How to help your birds survive the next winter storm

Most of the year, bird feeding is for your enjoyment, and for the birds it is just icing on Nature’s cake of insects and native plants. But for a few days each year, the readiness of your feeder array will mean life of death for some of your flock, especially ground-feeding sparrows and cold-intolerant Carolina Wrens and Eastern Bluebirds.

One of these mornings, we will arise to an unexpectedly thick cover of ice or snow. While we are listening for school closings and searching through the garage for the snow shovel, the birds in our yards will be facing a much more existential dilemma: how to survive the day.

Birds can tolerate temporary food shortages by dispersing to greener pastures, hunkering down and lowering their metabolisms for a day, or switching to less desirable foods like holly berries. But when the ground and trees are snowed-in over a wide geographic area, and temperatures are low or winds are high, none of these tactics will work for long. That’s when your feeders may save hundreds of feathered lives.

The most important thing is to feed consistently even during good weather, so that birds learn to check your yard. Even if you don’t put out enough food to last all day, they will keep you on their travel itinerary of emergency shelters. During a storm, birds that often eschew feeders, like Fox and Chipping Sparrows, Pine Warblers, and Northern Mockingbirds, will travel some distance to line up with their more domestic cousins, but only if they know where to go.

Always be sure to have enough birdseed on hand to last more than a week. The last thing you will feel like doing during an unexpected frosting is to shovel out your car and run to the store. While nyjer seed does not last for more than a few months, an emergency bag of sunflower and mixed seed will last for several years if kept dry or frozen. Keep some in the garage freezer or in a sealed bucket in the corner of your shed.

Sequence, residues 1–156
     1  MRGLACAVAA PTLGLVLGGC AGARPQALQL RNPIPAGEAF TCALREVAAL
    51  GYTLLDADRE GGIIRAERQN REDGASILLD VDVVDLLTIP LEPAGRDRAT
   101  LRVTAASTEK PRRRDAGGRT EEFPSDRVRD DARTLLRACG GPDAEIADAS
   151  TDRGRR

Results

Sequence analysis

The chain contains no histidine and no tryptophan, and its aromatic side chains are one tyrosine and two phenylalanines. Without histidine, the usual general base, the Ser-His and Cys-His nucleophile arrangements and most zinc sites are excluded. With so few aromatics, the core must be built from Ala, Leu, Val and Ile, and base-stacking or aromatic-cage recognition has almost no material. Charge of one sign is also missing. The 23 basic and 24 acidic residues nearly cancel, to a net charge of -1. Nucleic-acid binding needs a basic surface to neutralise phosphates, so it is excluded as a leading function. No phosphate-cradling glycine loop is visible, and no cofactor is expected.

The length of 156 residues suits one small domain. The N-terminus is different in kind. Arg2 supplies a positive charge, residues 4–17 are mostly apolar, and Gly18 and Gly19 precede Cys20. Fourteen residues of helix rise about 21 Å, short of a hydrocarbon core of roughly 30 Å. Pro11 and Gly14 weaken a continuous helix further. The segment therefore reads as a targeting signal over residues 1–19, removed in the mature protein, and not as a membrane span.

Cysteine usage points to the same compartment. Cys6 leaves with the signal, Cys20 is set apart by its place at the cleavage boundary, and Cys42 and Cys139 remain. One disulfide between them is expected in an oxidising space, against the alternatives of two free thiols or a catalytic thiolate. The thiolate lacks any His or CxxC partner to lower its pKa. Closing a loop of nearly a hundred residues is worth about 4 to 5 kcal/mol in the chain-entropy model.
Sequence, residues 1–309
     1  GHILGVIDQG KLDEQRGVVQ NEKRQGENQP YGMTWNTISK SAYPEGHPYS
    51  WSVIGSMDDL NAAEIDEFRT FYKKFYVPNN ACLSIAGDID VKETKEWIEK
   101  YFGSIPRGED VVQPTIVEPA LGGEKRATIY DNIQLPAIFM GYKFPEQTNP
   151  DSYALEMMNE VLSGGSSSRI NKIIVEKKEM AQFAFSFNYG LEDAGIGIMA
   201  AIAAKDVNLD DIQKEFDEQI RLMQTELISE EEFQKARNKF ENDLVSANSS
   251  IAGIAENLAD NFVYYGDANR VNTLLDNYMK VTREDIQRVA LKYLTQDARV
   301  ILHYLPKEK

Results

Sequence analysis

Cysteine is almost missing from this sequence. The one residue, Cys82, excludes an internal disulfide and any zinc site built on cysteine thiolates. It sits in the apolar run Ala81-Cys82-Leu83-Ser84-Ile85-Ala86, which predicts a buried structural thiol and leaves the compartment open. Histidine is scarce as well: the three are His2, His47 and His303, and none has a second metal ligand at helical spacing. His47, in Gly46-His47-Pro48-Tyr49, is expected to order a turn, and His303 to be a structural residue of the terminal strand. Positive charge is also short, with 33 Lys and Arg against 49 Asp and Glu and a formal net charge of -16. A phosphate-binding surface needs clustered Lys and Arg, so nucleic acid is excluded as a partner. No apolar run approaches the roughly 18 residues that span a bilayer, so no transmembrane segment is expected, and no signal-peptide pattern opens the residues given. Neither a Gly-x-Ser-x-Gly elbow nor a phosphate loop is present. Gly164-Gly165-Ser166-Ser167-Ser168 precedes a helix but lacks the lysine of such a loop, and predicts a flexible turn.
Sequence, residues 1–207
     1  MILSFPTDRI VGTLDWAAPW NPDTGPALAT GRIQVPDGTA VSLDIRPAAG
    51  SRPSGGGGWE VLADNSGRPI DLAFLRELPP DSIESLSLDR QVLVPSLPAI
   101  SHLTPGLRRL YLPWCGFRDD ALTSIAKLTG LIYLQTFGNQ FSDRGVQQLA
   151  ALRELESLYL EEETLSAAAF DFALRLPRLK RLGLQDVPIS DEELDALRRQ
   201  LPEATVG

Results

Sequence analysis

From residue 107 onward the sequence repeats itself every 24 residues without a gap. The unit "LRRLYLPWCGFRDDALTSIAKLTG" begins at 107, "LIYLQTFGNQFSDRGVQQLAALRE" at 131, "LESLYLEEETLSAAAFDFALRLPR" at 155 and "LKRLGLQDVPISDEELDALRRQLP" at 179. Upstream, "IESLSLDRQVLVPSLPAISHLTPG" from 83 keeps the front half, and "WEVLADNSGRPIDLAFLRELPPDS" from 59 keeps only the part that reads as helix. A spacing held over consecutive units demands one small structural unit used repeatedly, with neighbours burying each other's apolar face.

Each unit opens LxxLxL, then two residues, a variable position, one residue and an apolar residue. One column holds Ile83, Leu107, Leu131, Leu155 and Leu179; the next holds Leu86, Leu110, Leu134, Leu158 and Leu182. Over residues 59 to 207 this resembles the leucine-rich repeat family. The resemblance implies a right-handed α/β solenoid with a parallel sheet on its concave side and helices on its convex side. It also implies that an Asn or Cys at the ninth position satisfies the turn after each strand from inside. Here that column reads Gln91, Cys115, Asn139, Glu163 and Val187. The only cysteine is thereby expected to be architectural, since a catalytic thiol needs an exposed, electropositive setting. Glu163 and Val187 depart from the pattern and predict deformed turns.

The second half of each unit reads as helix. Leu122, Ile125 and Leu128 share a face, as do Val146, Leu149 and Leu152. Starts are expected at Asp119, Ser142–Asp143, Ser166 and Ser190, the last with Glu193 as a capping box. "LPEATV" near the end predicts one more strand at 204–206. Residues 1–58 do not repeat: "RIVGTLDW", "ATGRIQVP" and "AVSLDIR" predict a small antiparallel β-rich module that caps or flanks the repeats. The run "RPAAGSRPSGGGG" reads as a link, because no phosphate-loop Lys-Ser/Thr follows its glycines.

To feed the most birds at crunch time, it is best to scatter the seeds widely on the ground so that they won’t need to fight over it. If snow is soft or melting, it will swallow up your seed and even the hungriest birds won’t be able to find it. Place plywood or even cardboard on top of the snow if you cannot clear the area under your feeder. Once that ugly plywood is covered in Dark-eyed Juncos, Eastern Towhees, and Northern Cardinals you won’t even notice it. I learned the hard way that tarps will not work for this purpose because their movement underfoot scares away even starving birds.

Finally, be generous. Your yard can be like a lifeboat during a shipwreck, but unlike a lifeboat, it has no maximum capacity. It is likely that hundreds of aggressive Common Grackles and Red-winged Blackbirds will descend on the feast during these tough times, temporarily displacing your regular residents. If you also scatter food under bushes and deck furniture, on windowsills and railings, and in your flowerpots, the smaller and shyer species will find it and everyone can be saved.

Dan Cristol teaches in the Biology Department at the College of William and Mary and can be contacted at dacris@wm.edu. To discover local birding opportunities visit http://williamsburgbirdclub.org/

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